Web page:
56 games after the opening match on June 11th between host South Africa and Mexico there was finally an off-day at the 2010 World Cup. Two days, in fact, before play resumed today with Holland’s comeback win against Cup favorite Brazil and the upcoming match between Uruguay and Ghana.

After all the vuvuzela-ing, the officiating catastrophes and the disappointments of perennial big names England, France and Italy it still is the case that all but one of the group winners advanced to the final eight (the U.S. being the only exception), and that five of FIFA’s seven top-ranked teams were still in the competition, so order has more or less prevailed.

It would have been even more so had third-ranked Portugal not had the misfortune of playing Spain in the Round of 16, and perhaps the greater misfortune of having their galactic star Cristiano Ronaldo in a tournament-long ego preen and pout.

Happily, Africa still has a representative in Ghana, but it is still the South Americans who are dominant, with four of their five teams in the final eight and an opportunity to advance all of them to the semifinals before Brazil’s stunner.

It’s been six days since the United States bowed out to Ghana in a disappointing loss, sufficient mourning time to perhaps enjoy one last scene of happiness, a video of the penalty kick goal by Landon Donovan which tied the match in the second half.

Alas, that was the only score by the team. This time there were no officiating excuses, just enough mistakes on defense and failures on offense and no last-minute heroics to keep them in the hunt.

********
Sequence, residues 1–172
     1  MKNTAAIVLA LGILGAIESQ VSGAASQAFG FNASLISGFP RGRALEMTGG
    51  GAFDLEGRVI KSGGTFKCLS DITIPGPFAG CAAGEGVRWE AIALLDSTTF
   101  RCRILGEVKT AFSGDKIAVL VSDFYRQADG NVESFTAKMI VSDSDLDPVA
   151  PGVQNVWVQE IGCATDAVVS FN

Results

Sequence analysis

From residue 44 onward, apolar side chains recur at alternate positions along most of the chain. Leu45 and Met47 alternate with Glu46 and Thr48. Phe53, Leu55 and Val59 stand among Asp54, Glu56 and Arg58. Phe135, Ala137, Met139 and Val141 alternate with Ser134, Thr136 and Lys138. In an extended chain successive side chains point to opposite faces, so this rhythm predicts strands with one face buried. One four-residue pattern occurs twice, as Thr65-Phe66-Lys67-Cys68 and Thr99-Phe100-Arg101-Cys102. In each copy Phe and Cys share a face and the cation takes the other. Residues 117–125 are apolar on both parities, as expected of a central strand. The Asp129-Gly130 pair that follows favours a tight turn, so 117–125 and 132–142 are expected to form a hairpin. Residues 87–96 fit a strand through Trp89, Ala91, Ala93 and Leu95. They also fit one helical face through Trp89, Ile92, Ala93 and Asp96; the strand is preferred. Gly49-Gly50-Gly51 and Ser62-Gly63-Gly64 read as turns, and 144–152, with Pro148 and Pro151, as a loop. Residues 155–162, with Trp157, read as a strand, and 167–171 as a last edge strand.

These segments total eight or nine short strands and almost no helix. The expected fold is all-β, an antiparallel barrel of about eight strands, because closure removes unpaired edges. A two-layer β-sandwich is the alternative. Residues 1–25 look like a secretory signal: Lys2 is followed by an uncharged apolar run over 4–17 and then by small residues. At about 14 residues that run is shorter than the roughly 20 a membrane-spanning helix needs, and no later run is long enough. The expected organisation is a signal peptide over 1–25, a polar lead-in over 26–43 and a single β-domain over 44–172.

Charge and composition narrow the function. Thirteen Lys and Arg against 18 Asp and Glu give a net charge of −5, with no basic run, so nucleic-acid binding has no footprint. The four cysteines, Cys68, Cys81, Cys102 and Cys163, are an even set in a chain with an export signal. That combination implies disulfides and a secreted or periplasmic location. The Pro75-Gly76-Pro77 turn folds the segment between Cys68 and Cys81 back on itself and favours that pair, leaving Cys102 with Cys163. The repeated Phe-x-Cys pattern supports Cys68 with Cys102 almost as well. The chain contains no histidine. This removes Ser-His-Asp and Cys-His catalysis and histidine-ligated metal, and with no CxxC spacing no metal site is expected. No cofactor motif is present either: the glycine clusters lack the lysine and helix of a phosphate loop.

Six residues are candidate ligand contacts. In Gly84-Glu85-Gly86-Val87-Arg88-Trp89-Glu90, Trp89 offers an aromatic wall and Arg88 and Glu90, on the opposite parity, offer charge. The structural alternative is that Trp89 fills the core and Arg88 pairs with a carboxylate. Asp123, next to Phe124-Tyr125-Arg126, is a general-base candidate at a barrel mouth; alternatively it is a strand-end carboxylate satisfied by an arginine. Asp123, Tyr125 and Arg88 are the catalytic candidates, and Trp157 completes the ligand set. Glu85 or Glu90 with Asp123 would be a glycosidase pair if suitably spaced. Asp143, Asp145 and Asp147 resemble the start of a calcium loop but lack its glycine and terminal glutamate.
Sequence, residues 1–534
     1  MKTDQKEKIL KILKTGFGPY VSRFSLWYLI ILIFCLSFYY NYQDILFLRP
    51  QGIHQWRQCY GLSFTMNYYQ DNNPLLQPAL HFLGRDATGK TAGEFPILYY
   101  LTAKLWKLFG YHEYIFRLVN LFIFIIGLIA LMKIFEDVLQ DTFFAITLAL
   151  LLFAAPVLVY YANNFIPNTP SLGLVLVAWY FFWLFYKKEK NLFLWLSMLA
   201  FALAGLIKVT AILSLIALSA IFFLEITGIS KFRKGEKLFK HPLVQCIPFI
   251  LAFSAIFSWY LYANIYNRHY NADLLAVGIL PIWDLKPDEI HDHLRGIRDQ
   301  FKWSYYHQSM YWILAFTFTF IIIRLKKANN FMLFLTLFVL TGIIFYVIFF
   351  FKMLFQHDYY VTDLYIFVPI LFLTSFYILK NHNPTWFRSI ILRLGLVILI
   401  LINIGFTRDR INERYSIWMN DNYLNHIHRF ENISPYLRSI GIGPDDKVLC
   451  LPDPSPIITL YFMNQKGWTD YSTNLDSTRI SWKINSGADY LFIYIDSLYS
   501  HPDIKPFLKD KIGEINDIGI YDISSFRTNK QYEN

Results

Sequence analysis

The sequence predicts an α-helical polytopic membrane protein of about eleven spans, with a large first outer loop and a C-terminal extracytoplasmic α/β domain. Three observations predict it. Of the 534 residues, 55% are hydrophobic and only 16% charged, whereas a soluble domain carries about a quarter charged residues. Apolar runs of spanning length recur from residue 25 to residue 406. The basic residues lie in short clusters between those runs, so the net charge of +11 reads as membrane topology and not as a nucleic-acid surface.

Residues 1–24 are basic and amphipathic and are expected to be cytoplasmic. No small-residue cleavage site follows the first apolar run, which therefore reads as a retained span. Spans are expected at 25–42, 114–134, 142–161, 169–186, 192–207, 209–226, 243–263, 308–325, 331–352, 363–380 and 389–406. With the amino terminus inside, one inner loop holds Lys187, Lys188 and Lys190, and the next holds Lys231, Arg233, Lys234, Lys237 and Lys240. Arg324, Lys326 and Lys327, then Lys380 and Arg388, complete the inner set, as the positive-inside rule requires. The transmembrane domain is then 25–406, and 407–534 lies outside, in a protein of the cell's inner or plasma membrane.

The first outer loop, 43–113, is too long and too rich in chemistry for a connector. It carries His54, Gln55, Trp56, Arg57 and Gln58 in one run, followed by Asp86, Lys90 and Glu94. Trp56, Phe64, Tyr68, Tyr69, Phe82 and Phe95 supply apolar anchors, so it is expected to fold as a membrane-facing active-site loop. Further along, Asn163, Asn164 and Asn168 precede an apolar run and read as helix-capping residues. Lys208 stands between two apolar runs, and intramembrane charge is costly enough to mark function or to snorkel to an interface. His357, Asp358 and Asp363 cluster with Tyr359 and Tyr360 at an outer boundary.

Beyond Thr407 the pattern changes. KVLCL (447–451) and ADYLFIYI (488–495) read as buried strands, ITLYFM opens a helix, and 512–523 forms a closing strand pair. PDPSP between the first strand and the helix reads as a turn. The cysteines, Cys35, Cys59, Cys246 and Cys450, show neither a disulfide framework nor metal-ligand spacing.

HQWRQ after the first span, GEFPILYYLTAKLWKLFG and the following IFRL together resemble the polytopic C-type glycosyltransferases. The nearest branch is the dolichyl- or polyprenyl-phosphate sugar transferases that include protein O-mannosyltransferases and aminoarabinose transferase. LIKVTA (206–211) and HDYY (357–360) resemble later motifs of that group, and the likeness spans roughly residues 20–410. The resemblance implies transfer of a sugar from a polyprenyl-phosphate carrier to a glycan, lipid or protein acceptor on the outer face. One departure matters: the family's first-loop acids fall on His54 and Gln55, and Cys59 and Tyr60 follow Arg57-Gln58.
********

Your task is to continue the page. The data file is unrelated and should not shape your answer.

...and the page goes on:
If you’ve watched the other teams in the Round of 16 play, you can tell – even if like me you only know a little about soccer – that the United States has a long way to go in the dribble-and-pass game which all the great teams can play, whatever their strengths may be. They’re also more resistant on defense and have at least one great goal-scorer up front, which the United States does not.

But perhaps that isn’t so clear. Apparently a poll taken after the Algerian victory found that 90% of Americans expected the U.S. team to win the tournament. This wouldn’t have happened if the rest of the teams were forced to play with two left boots.

Combine this poor vision with the response to the loss against Ghana – the anguish was so profound that it took two entire minutes for people to start talking about the Giants, in contrast to the liquid orgies of rage and despair in the English pubs the next day, after evisceration by the Germans. It’s likely this week’s love affair was about something other than soccer.

For the most part the fan interest was a fling, an excuse to demonstrate national pride. After a decade of boggy military incursions, the Katrina-BP bookend disasters in the Gulf and the recent financial collapse and shakedown it felt good to have a reason to chant “USA” and show some American muscle without feeling defensive or having to kill anyone to do it.

The fan interest also resulted from some highly unusual late-game heroics. It’s as if the United States lived up to its dual images of the Hollywood ending and the cavalry rescue, but the truth is that tournaments are won by teams which patiently build leads and hold on to them.

Or in some cases, play 120 minutes for a tie, which was the strategy employed by both Paraguay and Japan the other day. Witnessing this match was like watching an anaconda digest a feral pig on the Discovery Channel, without the benefit of time lapse photography. FIFA should destroy every tape and pull down all online video of this one. Even the soccer die-hards were in agony. A second ball rolled onto the pitch near the end of the regular time but nobody took the hint.